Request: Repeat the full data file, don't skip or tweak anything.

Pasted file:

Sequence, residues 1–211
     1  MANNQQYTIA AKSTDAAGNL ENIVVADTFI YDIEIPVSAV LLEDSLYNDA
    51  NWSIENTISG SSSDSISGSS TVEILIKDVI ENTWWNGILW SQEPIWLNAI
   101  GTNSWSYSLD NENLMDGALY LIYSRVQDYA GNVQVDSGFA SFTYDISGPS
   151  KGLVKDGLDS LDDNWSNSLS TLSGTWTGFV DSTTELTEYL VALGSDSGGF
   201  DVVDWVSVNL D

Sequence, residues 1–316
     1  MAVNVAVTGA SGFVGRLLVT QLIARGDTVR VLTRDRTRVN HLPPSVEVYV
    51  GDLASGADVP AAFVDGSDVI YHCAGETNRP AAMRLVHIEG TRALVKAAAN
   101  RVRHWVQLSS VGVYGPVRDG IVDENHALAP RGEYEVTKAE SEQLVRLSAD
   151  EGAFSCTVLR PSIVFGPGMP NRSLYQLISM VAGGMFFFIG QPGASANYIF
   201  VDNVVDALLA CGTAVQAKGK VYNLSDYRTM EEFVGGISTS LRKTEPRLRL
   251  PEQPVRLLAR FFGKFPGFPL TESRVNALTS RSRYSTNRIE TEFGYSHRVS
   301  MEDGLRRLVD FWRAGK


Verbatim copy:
Sequence, residues 1–211
     1  MANNQQYTIA AKSTDAAGNL ENIVVADTFI YDIEIPVSAV LLEDSLYNDA
    51  NWSIENTISG SSSDSISGSS TVEILIKDVI ENTWWNGILW SQEPIWLNAI
   101  GTNSWSYSLD NENLMDGALY LIYSRVQDYA GNVQVDSGFA SFTYDISGPS
   151  KGLVKDGLDS LDDNWSNSLS TLSGTWTGFV DSTTELTEYL VALGSDSGGF
   201  DVVDWVSVNL D

Sequence, residues 1–316
     1  MAVNVAVTGA SGFVGRLLVT QLIARGDTVR VLTRDRTRVN HLPPSVEVYV
    51  GDLASGADVP AAFVDGSDVI YHCAGETNRP AAMRLVHIEG TRALVKAAAN
   101  RVRHWVQLSS VGVYGPVRDG IVDENHALAP RGEYEVTKAE SEQLVRLSAD
   151  EGAFSCTVLR PSIVFGPGMP NRSLYQLISM VAGGMFFFIG QPGASANYIF
   201  VDNVVDALLA CGTAVQAKGK VYNLSDYRTM EEFVGGISTS LRKTEPRLRL
   251  PEQPVRLLAR FFGKFPGFPL TESRVNALTS RSRYSTNRIE TEFGYSHRVS
   301  MEDGLRRLVD FWRAGK